The central banks are listed below with their current state of play. The link for each central bank is included in the title of the bank and the next scheduled meeting is in the title too.
Reserve Bank of Australia, Governor Phillip Lowe,0.10%,Meets 02 March
The Reserve Bank of Australia met on February the 02 and delivered a surprise to the markets. They kept the interest rate and the 3yr bond yield target unchanged at 0.10%. This was as expected. Like December’s meeting the RBA noted that the recent economic recovery had been based on significant fiscal and monetary support. The RBA said they will not increase interest rates until actual inflation is above the 2-3% target range. This means that interest rates are expected to stay as they are until 2024. There was, however, a change. Thatchange to monetarypolicy was the expansion of the RBA’s bond purchases.Bond purchases were extended by $AUD100 billion. This was slightly unexpected as some desks had been expecting the possibility of QE coming to an end in April on the back of stronger labour data.
Like last time, the RBA’s statement was generally quite upbeat, despite the dovish twist in their policy action. Remember that QE purchases weaken a currency, so the AUD was weaker out of the meeting. You can read the whole statement here from the RBA. The optimistic tone was affirmed by the Australian Treasury Secretary Kennedy who said that the recovery exceeded expectations and the labour market participation is somewhat surprising.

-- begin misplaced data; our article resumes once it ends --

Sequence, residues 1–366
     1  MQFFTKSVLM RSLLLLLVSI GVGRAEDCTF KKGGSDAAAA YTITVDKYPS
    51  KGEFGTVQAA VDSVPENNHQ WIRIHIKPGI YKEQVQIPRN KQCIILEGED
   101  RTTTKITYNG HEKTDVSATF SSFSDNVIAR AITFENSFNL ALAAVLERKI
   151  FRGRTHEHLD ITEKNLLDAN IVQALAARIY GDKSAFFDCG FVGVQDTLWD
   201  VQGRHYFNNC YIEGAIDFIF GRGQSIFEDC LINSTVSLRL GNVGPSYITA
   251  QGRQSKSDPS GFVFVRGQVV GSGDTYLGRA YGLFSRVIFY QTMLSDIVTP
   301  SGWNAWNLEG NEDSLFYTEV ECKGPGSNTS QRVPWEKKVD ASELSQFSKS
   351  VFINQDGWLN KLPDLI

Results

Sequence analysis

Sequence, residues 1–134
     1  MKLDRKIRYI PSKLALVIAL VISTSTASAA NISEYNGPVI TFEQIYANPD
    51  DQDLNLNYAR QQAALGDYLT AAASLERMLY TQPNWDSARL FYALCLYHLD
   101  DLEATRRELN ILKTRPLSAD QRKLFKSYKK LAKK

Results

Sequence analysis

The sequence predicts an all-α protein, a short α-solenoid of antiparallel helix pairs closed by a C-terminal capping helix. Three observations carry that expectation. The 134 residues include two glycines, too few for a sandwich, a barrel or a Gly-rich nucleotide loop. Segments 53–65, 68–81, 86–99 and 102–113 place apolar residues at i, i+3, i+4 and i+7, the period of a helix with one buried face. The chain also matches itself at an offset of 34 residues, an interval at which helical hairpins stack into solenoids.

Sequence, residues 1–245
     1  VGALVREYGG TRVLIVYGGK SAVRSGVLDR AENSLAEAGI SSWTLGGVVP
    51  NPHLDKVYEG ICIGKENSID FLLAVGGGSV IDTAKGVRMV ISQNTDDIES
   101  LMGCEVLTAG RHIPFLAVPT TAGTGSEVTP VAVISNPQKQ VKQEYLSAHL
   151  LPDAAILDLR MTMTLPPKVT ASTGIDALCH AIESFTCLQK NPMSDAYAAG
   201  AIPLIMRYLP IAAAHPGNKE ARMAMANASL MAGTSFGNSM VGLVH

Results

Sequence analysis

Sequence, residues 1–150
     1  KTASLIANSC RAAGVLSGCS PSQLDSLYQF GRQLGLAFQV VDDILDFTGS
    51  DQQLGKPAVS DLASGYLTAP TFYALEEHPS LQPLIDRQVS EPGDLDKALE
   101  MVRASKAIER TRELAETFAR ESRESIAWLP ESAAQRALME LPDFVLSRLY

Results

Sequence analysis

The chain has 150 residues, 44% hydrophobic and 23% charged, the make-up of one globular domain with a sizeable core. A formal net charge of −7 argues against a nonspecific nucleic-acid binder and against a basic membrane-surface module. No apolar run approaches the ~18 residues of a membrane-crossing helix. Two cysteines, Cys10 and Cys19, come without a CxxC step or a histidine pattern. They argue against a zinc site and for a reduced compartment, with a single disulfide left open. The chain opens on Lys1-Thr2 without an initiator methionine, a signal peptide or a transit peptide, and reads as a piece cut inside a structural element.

Remember that the Australian economy is closely tied to China’s economy. Approximately 30% of Australia’s GDP comes from its trade with China. Therefore, expect the AUD to be pushed or pulled along with the US-China trade sentiment. A falling S&P500 tends to weaken the AUD and vice versa, so keep an eye on the latest US stock moves as well in deciding the next path for AUD. The AUD should remain supported medium term on the reflation narrative.
European Central Bank, President Christine Lagarde, -0.50%, Meets March 11
The ECB repeated that Interest rates are expected to remain low until the inflation outlook moves up to a level sufficiently close to, but below 2% within its horizon framework. However, there was a shift in the language about the PEPP programme size.The key takeaway was the emphasis shift about the full use of the PEPP envelope. The ECB reminded markets that the full envelope does not necessarily have to be used. This is a decidedly more upbeat message and is an acknowledgement to ECB policy makers who did not want such a large PEPP envelope in the first place. The total amount of the PEPP envelope remains at €1850 billion with purchases are set to remain until at least the end of March 2022.
In the press conference just after the announcement Christine Lagarde echoed this positive sentiment reflected in the statement noting that risks to growth is still tilted to the downside, but less pronounced. This now sees the ECB joining the ranks of the central banks who are turning more upbeat due to vaccine optimism. One interesting point is that the ECB are asking staff to come up with new gauges to help with stimulus decisions as well as a new gauge of euro area financial conditions. The proposals are wanted from staff for March. Finally, with regard to the EURUSD exchange rate Lagarde said that the ECB was carefully monitoring FX rates.The ECB don’t like a strong EURUSD as it harms euro exporters and if the EURUSD gets too strong, too fast the ECB may act. She repeated that no-tools are off the table.
The reaction of the EURUSD after the decision was very muted and mainly dollar driven. The bog picture remains that are pressures on the eurozone which may face a double dip recession and is slow with the vaccine roll outs. If the US starts to outperform Europe in terms of GDP growth and vaccinating their citizens far more quickly this will weigh on the EURUSD going forward.